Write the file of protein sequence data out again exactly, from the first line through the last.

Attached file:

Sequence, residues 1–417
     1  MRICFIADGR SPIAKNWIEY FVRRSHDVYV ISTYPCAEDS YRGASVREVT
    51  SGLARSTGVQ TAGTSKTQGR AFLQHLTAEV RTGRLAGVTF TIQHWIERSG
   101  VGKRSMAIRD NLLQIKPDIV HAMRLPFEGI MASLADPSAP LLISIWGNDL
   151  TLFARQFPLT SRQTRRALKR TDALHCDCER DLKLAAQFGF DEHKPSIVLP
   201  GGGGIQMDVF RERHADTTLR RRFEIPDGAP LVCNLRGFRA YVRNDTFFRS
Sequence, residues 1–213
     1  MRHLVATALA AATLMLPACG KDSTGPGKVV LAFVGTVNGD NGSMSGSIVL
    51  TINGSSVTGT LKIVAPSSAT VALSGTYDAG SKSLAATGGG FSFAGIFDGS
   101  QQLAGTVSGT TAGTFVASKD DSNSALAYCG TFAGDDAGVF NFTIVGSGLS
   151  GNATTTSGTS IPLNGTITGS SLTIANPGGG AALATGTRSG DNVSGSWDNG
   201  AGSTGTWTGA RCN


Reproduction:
Sequence, residues 1–417
     1  MRICFIADGR SPIAKNWIEY FVRRSHDVYV ISTYPCAEDS YRGASVREVT
    51  SGLARSTGVQ TAGTSKTQGR AFLQHLTAEV RTGRLAGVTF TIQHWIERSG
   101  VGKRSMAIRD NLLQIKPDIV HAMRLPFEGI MASLADPSAP LLISIWGNDL
   151  TLFARQFPLT SRQTRRALKR TDALHCDCER DLKLAAQFGF DEHKPSIVLP
   201  GGGGIQMDVF RERHADTTLR RRFEIPDGAP LVCNLRGFRA YVRNDTFFRS
Sequence, residues 1–213
     1  MRHLVATALA AATLMLPACG KDSTGPGKVV LAFVGTVNGD NGSMSGSIVL
    51  TINGSSVTGT LKIVAPSSAT VALSGTYDAG SKSLAATGGG FSFAGIFDGS
   101  QQLAGTVSGT TAGTFVASKD DSNSALAYCG TFAGDDAGVF NFTIVGSGLS
   151  GNATTTSGTS IPLNGTITGS SLTIANPGGG AALATGTRSG DNVSGSWDNG
   201  AGSTGTWTGA RCN